Robert Winston failed in his appeal to the British Horseracing Authority's disciplinary panel yesterday to get a reduction in his 22-day ban for excessive use of the whip which he incurred at Southwell a week earlier.
Winston hit his mount seven times behind the saddle and three times down the neck with the whip in the forehand position, something which was banned even before the new whip rules were introduced in October.
The use of the whip in the forehand down the neck can only be used in exceptional circumstances and the panel did not deem this occasion an 'exceptional circumstance'.
Because it was Winston's second offence in a 12-month period, what would normally have been an 11-day suspension was doubled to 22.
He is the fourth jockey to appeal against a ban since the new rules came in and, just like Ruby Walsh, Aidan Coleman and Dominic Elsworth before him, the disciplinary panel backed the original decision of the local stewards.
Today Paul Bittar, the new chief executive of the BHA, will get his first chance to hear directly from the jockeys on the subject of the whip when he meets a representation from the Professional Jockeys Association. Apart from Kevin Darley, chief executive of the PJA, he will meet jump jockey Andrew Thornton and George Baker from the Flat.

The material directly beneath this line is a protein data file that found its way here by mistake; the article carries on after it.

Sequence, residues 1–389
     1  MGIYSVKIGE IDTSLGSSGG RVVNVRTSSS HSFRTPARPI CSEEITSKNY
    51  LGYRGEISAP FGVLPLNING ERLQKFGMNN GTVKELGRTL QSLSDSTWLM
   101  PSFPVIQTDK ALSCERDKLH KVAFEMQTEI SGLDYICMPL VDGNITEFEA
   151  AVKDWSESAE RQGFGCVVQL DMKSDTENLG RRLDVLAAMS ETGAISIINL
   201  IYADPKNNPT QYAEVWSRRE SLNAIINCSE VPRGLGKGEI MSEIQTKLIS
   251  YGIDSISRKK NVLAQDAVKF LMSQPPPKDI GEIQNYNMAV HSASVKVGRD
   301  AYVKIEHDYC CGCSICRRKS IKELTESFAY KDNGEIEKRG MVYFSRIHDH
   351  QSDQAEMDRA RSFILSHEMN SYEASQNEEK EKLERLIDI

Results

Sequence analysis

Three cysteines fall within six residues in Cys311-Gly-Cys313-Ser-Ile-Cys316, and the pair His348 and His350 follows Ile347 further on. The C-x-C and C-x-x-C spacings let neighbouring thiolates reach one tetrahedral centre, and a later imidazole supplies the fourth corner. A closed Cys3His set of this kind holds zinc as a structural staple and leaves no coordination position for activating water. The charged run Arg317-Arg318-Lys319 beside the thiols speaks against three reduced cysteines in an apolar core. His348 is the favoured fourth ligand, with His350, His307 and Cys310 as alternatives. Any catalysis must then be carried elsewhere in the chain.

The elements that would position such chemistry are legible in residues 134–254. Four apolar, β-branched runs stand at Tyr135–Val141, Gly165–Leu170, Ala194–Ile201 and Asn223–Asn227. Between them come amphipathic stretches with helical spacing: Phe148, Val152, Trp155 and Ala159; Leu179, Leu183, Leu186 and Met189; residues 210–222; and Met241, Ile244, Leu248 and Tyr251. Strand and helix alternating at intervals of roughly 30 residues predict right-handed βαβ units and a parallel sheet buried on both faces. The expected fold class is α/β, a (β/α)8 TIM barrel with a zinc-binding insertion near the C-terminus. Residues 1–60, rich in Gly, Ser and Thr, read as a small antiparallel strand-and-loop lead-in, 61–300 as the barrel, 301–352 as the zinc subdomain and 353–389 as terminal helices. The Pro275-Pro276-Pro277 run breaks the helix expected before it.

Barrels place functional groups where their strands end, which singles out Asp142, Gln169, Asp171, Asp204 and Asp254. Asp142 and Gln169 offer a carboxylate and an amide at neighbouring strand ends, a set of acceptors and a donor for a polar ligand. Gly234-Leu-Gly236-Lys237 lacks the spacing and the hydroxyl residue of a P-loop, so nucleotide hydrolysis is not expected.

Meanwhile, Fergal Lynch has submitted an application to the British Horseracing Authority in a bid to regain his British riding licence.
Lynch, who was acquitted on alleged race-fixing charges in December 2007 when a trial at the Old Bailey collapsed, was given a £50,000 fine as part of a plea bargain with the BHA in 2009 after he admitted stopping a horse, supplying inside information about six of his rides, and associating with the disqualified Miles Rodgers.
"The application was made on Tuesday and we are awaiting the BHA's response," said Lynch's solicitor Rory MacNeice.